After a few days of rafting it was back to Walker Pass, where I left off. In order to make sure I got back on trail, my group left after dinner and didn’t get back to the trail until around 10 pm. There weren’t any campsites for a while so I ended up walking a few miles and gaining over a thousand feet of elevation in the dark. Once I finally got to a camp, I passed out without even setting up the tent. The next morning Harry and I said goodbye to our dutch friends and hiked on toward our next stop, Kennedy Meadows. It was only about fifty miles from where we got off to KM but I tried to enjoy every one of them because this was my last stretch in the desert. I had walked over 650 miles and even though there were brief moments in the snow and trees the majority was in the desert. That would soon be behind me though.
The last fifty miles flew by with my thoughts on all the amazing things I’ve seen so far and how the trail would only get better. The next section would be the high sierra’s, a complete opposite of what I had come from. I would leave the sandy deserts behind and move on to snowy mountains. As I walked my mind raced through all these thoughts. I was so deep in thought actually, that as I was walked down the trail, my eyes on the ground, I almost didn’t notice a bear right on the trail in front of me. It wasn’t until I was about 20 feet away from it that I looked up and froze in my tracks. I never expected to see a bear this far south and it took me by complete surprise. The bear didn’t seem to mind me though and after a few seconds, he slowly walked the other way.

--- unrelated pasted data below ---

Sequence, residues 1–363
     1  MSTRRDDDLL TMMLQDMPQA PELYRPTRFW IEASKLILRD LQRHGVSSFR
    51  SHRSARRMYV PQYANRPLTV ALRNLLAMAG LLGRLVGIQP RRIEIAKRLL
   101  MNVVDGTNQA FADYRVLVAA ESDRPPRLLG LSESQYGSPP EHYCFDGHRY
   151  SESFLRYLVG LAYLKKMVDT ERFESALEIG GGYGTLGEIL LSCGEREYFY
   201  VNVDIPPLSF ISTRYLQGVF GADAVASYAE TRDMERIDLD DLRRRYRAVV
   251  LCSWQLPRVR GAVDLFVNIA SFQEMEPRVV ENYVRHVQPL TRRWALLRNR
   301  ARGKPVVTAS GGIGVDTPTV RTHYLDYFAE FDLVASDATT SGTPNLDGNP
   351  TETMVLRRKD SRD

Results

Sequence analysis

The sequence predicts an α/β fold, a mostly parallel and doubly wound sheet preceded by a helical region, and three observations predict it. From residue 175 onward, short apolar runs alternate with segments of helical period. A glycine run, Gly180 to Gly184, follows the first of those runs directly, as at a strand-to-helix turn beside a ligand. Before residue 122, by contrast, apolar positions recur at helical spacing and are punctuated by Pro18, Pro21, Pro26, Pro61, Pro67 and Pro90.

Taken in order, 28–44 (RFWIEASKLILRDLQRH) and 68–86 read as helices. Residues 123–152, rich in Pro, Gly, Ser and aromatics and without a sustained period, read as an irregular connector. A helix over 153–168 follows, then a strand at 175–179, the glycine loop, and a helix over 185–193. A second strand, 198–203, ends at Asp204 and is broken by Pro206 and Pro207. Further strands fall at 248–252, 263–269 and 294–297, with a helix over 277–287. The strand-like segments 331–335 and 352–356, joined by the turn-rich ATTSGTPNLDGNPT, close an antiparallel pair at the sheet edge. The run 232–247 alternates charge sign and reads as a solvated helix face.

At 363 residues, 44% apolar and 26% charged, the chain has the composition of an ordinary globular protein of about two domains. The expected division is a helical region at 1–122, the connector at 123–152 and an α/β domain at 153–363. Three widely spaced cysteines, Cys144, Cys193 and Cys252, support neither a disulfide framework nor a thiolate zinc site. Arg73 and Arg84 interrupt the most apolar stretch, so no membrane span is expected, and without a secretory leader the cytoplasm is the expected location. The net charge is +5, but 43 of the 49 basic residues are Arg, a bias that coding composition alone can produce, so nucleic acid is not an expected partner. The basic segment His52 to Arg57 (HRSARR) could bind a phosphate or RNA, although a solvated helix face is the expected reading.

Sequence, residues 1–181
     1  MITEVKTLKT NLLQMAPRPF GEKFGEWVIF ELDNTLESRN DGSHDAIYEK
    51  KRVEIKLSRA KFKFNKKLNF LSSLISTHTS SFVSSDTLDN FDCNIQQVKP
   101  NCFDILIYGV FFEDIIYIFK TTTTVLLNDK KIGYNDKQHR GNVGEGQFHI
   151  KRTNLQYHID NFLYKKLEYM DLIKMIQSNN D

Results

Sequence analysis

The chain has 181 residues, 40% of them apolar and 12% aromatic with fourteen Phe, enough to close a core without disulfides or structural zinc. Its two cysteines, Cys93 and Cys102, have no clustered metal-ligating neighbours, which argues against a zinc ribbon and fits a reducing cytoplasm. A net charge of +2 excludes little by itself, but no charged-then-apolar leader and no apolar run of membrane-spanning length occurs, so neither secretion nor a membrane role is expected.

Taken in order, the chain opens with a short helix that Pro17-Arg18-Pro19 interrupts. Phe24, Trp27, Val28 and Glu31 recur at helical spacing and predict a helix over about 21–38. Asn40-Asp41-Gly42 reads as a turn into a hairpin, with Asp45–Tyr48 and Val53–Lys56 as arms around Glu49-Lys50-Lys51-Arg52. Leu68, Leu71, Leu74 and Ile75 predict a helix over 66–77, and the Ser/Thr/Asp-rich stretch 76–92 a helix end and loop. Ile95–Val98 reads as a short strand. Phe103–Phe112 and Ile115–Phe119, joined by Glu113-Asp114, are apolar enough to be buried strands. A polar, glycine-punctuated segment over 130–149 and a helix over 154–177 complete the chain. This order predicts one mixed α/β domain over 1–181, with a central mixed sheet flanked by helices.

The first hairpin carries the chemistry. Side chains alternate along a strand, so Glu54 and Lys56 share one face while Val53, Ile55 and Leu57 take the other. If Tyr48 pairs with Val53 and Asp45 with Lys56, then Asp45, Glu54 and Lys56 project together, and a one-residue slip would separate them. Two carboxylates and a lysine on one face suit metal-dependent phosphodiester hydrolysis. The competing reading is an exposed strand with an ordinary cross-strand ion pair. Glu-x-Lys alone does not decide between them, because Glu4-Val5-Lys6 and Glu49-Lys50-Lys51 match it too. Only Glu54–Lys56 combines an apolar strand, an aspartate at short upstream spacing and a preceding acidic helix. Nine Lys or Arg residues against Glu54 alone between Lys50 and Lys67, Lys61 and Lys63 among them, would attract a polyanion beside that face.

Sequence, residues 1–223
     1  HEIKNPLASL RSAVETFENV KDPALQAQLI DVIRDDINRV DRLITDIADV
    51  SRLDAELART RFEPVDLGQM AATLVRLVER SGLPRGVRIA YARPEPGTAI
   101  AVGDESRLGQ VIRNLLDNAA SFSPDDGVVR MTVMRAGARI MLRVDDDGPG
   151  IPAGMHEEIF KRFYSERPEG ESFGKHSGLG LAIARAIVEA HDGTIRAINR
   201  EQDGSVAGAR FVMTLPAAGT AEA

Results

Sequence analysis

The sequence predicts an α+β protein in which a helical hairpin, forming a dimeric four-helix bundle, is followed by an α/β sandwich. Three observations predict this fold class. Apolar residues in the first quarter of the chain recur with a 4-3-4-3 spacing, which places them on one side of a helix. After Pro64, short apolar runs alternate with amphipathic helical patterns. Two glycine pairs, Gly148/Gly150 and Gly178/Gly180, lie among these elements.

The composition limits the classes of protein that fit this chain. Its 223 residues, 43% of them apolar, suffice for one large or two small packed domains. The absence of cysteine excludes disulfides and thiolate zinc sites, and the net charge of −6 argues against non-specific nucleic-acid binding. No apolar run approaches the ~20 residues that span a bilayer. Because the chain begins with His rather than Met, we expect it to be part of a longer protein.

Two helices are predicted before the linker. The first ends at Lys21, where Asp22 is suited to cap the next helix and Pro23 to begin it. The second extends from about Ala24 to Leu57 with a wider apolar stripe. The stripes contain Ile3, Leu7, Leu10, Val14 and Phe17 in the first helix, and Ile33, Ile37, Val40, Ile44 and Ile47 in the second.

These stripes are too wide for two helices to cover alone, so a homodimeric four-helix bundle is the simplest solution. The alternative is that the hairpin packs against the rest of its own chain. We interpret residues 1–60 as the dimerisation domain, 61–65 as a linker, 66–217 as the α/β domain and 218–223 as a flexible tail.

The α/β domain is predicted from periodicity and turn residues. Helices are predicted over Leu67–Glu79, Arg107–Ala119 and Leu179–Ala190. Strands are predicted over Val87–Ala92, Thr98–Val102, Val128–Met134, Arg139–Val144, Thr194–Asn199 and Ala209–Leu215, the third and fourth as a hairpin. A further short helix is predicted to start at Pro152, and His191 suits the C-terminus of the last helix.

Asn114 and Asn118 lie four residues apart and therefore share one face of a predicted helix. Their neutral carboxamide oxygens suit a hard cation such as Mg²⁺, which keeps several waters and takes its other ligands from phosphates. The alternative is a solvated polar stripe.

After that incident nothing exciting happened, and the next day I reached Kennedy Meadows. From this point on the trail would be completely different. It was goodbye desert, hello snow. -Noel Nelson (pct mile 702)